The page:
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Comment Re:I guess soon we'll see about Flash (Score 4, Interesting) 154

I think the better test will really be for when Froyo gets ported to the G1 and seeing how Flash performs then

Have you heard definitively that Froyo will be ported to the G1? I was under the impression that Froyo and even Eclair are too big to fit on the G1. I'd love to be proven wrong -- I have two old G1s sitting in a drawer and would love to put Froyo on them. Froyo arrived on my N1 last night, and I'm very happy with it so far; there are lots of nice incremental improvements. But as far as I know, nobody is working on shrinking Froyo down enough to fit the G1.

-- Laura

Disclaimer: I'm an engineer at Google, but I have no inside knowledge of what the Android folks are doing. I didn't even know Froyo had been released until I saw the giant styrofoam frozen yogurt in front of building 44.

Censorship

Submission + - Eve-Online: Developers cheat in game to win!

An anonymous reader writes: Eve-Online, known as the largest space combat MMOG, finds itself on the verge of imploding due to in game cheating by Eve developers themselves. Recently one of the Eve developers came clean about spawning extremely rare items for the use of himself and his corp. His corporation "Band Of Brothers", has been using these items and exploiting other game bugs to gain a large advantage over paying customers. Instead of dealing with the problem, CCP the creators of Eve-Online move to sweep all thoughts of wrong doing under the carpet http://myeve.eve-online.com/devblog.asp?a=blog&bid =423 and have been locking all forum posts on the topic and banning the same players that pay their wages. Where else but in Eve-Online can you pay for the privilege to be censored for reporting cheating by the developers themselves. Hopefully CCP will come to their senses to save a good game before far too many people cancel their accounts.
Music

Submission + - Study finds P2P has no effect on legal music sales

MBrichacek writes: "A new study in the has found that illegal music downloads have had no noticeable effects on the sale of music, contrary to the claims of the recording industry. Analyzing data from the final four months of 2002, the researchers estimated that P2P affected no more than 0.7% of sales in that timeframe. The study reports that 803 million CDs were sold in 2002, which was a decrease of about 80 million from the previous year. The RIAA has blamed the majority of the decrease on piracy, and has maintained that argument in recent years as music sales have faltered. Yet according to the study, the impact from file sharing could not have been more than 6 million albums total in 2002, leaving 74 million unsold CDs without an excuse for sitting on shelves."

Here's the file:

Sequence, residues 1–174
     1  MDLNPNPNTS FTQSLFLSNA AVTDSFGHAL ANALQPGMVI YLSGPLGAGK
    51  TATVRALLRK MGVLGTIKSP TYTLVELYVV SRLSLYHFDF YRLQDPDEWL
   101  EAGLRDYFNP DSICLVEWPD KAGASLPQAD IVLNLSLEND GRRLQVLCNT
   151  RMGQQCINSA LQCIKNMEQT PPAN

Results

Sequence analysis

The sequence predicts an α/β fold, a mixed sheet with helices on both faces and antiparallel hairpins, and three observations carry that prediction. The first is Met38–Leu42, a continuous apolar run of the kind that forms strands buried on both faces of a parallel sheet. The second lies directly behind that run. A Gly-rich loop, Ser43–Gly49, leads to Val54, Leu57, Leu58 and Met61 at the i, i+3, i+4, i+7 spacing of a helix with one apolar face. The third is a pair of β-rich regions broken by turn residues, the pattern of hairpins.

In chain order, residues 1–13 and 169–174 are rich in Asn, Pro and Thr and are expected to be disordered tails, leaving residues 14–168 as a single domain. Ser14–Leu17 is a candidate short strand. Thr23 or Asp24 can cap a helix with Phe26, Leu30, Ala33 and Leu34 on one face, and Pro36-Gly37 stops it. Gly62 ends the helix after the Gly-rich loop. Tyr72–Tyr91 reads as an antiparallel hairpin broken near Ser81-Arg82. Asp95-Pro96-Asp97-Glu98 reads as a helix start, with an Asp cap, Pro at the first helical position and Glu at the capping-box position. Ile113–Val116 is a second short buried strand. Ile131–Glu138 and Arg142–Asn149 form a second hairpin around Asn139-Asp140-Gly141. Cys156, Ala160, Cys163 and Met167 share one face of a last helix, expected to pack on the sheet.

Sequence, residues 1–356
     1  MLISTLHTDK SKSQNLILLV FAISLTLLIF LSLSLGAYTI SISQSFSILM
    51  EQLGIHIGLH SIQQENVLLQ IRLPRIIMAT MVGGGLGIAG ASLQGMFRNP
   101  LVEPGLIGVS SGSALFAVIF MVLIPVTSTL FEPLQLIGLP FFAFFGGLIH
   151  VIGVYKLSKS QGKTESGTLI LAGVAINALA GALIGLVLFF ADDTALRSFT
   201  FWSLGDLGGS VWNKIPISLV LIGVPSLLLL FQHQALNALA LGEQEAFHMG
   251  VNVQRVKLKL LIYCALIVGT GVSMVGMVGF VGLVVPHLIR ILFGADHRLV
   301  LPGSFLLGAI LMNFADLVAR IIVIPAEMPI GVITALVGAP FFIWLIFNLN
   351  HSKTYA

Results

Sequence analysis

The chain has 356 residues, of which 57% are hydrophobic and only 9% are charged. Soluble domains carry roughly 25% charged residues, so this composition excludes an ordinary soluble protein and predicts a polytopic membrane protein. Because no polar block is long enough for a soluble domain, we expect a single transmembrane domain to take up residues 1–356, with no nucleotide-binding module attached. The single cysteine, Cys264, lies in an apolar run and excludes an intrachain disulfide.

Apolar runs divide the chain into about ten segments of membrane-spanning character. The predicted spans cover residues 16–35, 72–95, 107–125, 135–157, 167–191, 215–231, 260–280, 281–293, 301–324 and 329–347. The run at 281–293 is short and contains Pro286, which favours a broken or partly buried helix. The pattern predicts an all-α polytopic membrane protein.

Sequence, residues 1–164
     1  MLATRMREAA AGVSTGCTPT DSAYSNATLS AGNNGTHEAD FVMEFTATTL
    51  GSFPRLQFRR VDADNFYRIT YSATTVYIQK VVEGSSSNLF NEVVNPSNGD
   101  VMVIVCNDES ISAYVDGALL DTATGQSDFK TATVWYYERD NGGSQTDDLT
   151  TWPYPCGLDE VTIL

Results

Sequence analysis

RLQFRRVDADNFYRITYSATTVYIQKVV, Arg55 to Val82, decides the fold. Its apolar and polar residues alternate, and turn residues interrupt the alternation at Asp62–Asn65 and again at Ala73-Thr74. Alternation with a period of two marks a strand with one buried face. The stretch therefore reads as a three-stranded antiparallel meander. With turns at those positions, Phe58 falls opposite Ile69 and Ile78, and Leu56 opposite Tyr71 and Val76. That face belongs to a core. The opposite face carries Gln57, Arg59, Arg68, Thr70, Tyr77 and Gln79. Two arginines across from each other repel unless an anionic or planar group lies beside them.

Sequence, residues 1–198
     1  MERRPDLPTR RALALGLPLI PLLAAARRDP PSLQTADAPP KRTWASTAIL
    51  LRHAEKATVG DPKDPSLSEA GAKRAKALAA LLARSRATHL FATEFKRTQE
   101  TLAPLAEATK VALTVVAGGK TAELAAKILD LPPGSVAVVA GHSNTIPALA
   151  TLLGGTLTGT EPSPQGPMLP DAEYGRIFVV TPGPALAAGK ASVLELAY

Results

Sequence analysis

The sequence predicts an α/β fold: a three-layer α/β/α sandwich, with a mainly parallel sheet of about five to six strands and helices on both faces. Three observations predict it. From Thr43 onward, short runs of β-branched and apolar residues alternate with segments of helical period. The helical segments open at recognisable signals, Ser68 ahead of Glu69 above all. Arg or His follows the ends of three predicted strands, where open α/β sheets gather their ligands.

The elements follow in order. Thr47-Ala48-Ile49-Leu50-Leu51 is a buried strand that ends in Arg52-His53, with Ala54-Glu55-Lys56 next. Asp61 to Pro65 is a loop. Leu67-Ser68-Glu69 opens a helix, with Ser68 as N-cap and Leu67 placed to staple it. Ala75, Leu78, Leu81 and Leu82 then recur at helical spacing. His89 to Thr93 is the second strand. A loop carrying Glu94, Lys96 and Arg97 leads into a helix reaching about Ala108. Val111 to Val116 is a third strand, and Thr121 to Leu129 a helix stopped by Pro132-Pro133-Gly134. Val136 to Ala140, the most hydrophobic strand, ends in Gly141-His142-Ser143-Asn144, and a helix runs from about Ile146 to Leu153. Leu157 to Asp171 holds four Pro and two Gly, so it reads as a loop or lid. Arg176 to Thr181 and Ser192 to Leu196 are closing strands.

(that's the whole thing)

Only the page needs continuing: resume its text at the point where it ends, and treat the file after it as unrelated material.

Education

Submission + - Sex-ed the Tex-ed way

zoltamatron writes: The SF Chronicle is running a story about the Bush administration's abstinence only sex-ed program and how there is no evidence to show that it works any better than the comprehensive education it replaces. Still, California is one of only three states that does not participate in the program that pushes the Texas born curriculum. From the article:

"California took a very progressive approach," [Douglas Kirby] said. "Texas pushed abstinence and made it a little more difficult for teens to receive contraceptives. Pregnancy did go down between 1991 and 2004, but Texas had the second-lowest decline of all states, 19 percent. California had the second-greatest decrease, 46 percent."
The article says there is more than $1 billion in federal money going to these programs.
Businesses

Submission + - are unfinished products becoming the norm?

Paul writes: Long ago when digital synthesizers first became commonly available, I recall a reviewer lamenting how he was getting more and more products to test whose software was unfinished and buggy and would require updates and fixes (this, before the internet allowed easy downloads, would have meant a journey to a specialist repair centre). The review also commented how this common problem with computer software (he wrote even before windows 95 was out) was spreading, and asked if it was going to become the norm.